polarizing the light entering the input polarizer to the first given angle;
rotating the polarized light from the first given angle to the second given angle through the Faraday rotator material; and
passing the polarized light from the Faraday rotator material through the output polarizer so as to prevent reflected light from transmission through the input polarizer due to a non-reciprocal rotation of the light in the second direction through the Faraday rotator material so as to allow the input polarizer to block the reflected light.
Description
REFERENCE TO PENDING PRIOR PATENT APPLICATION

This patent application claims benefit of pending prior U.S. Provisional Patent Application Ser. No. 60/454,223, filed Mar. 13, 2003 by Kevin Knopp et al. for COMPACT MULTIPASS OPTICAL ISOLATOR, which patent application is hereby incorporated herein by reference.

FIELD OF THE INVENTION

This invention is related to free space optics and fiber optic applications apparatus and methods in general, and more particularly to apparatus and methods for optical isolation of light.

BACKGROUND OF THE INVENTION

Optical isolators are key elements required in most free space optic and fiber optic applications. The most commonly used type of isolator is based around a Faraday rotator crystal. FIG. 1 is a schematic diagram that illustrates a typical configuration of a conventional optical isolator 5. An input polarizer 10 of isolator 5 is typically aligned to a linear polarization angle 15 of input light 20. A crystal 25 of a given length L1 which is immersed in a magnetic field generated by a pair of magnets 30, which rotates the polarization state of the launched light 20 via the Faraday effect to an angle of 45. An exit polarizer 35 is then aligned to a non-parallel polarization angle 40 so as to transmit this polarization state at the angle of 45 and pass light 20. Light 45, which has exited isolator 5 that may be reflected back into isolator 5, passes through the exit polarizer 35 experiences an additional rotation of polarization of 45 The polarization state of light 45 is then orthogonal to input polarizer angle 15 at the entrance plane to isolator 10. Optical isolation is thereby achieved in an optical system before and after isolator 5.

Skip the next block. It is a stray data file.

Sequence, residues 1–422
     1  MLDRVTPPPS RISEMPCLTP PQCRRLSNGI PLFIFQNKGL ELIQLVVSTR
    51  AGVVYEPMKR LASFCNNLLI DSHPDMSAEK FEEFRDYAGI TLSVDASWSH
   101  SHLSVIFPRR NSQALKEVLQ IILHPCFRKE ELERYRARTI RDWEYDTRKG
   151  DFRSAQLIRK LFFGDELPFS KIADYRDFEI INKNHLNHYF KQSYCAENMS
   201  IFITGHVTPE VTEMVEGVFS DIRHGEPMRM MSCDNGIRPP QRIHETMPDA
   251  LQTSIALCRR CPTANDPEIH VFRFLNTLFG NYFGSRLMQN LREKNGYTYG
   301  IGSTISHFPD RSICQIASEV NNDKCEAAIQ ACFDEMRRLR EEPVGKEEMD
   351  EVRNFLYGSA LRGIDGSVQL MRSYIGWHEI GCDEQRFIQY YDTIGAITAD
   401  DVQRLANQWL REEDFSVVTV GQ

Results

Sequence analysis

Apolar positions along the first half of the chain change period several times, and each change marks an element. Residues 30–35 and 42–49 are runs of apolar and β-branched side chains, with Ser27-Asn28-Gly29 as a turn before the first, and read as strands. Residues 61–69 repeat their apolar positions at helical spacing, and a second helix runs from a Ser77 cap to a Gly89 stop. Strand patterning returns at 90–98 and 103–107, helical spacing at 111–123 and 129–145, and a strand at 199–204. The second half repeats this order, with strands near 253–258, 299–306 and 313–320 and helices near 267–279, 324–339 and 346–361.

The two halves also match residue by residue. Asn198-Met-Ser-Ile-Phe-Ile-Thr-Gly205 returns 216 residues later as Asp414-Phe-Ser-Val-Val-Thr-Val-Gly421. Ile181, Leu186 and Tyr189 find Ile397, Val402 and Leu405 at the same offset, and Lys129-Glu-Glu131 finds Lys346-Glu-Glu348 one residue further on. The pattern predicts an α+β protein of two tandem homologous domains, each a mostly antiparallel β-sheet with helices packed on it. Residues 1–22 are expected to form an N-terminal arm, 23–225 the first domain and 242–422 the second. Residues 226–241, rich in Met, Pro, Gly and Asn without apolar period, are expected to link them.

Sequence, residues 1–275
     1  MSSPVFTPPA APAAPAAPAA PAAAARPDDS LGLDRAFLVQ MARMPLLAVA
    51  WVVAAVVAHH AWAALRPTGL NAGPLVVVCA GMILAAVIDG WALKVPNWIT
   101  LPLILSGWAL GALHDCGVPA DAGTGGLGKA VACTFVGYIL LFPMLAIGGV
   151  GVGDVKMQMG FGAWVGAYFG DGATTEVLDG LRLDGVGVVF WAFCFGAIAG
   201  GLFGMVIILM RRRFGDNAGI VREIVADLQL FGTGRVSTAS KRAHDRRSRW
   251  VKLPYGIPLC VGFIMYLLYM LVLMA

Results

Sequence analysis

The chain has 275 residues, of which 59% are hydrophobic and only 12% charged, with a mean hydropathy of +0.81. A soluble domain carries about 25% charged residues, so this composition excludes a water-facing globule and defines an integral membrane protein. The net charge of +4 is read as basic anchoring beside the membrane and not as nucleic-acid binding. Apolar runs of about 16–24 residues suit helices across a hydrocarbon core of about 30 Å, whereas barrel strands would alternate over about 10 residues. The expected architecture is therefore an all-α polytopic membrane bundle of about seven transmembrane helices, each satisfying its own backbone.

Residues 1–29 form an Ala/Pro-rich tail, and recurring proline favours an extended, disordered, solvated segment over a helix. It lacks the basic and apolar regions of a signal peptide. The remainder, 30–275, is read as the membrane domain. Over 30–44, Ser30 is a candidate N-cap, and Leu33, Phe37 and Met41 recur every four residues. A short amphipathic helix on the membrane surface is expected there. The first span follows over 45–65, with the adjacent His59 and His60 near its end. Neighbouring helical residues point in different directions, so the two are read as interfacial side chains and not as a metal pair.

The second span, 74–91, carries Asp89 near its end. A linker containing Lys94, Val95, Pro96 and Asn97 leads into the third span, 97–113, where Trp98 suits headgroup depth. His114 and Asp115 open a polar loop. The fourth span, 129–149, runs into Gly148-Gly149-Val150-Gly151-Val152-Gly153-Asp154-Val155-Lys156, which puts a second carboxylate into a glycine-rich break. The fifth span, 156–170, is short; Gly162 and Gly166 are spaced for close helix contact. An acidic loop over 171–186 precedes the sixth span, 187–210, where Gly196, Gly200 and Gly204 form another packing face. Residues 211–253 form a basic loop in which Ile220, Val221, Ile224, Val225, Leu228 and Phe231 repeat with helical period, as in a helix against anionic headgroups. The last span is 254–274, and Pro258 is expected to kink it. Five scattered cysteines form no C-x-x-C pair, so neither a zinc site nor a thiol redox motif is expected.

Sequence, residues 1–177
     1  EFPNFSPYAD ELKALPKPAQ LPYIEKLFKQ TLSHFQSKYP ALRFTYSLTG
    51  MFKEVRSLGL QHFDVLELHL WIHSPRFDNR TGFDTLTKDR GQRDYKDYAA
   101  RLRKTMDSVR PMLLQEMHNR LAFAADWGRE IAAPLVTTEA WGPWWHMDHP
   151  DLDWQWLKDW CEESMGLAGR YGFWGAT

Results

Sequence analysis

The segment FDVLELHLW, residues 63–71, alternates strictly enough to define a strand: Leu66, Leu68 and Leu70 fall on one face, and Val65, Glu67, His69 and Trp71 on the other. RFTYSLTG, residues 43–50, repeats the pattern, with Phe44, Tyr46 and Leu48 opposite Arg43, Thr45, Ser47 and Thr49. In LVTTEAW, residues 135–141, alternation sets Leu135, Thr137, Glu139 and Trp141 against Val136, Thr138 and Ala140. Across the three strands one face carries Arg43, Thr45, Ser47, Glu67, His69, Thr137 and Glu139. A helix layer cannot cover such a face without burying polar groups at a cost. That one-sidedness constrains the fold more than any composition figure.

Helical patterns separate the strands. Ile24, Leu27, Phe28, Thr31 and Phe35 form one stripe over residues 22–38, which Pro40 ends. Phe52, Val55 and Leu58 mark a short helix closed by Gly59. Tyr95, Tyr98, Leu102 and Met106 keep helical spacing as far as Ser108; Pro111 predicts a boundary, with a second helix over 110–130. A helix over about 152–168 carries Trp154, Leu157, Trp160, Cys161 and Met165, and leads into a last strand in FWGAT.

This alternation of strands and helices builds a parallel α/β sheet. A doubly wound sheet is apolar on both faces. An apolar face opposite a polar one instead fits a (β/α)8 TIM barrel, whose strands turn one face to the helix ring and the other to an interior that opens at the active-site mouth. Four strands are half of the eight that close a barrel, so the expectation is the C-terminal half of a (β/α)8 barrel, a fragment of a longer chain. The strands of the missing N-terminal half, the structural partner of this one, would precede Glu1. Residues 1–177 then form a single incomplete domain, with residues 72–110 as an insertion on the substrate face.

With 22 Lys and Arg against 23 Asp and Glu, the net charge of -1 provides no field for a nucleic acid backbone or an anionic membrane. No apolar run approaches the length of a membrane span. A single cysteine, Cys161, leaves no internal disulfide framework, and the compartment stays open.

In many applications, the size of an optical isolator assembly is extremely important. The size has traditionally been limited by the Verdet constant of the isolator's Faraday material. In shorter wavelength applications of less than 1000 nm, the Verdet constant is low for optically desirable (e.g., low optical loss) materials such as Terbium Gallium Granite (TGG). Hence, a long optical path length is needed. Isolators with physical lengths of greater than 2 cm are common for these shorter wavelength applications. Accordingly, it would be most desirable to obtain an optical isolator for shorter wavelength applications with a more compact physical size.

Referring to FIG. 2, there is shown an optical element 5A which can rotate plane of polarization of polarized light 20A in a non-reciprocal manner, using Faraday-effect, which is called a Faraday rotator and is an essential building block for various optical devices such as isolator, circulator, and optical switch. A Faraday rotator 5A includes an optical element 25A and a magnet 30A surrounding the optical element 25A.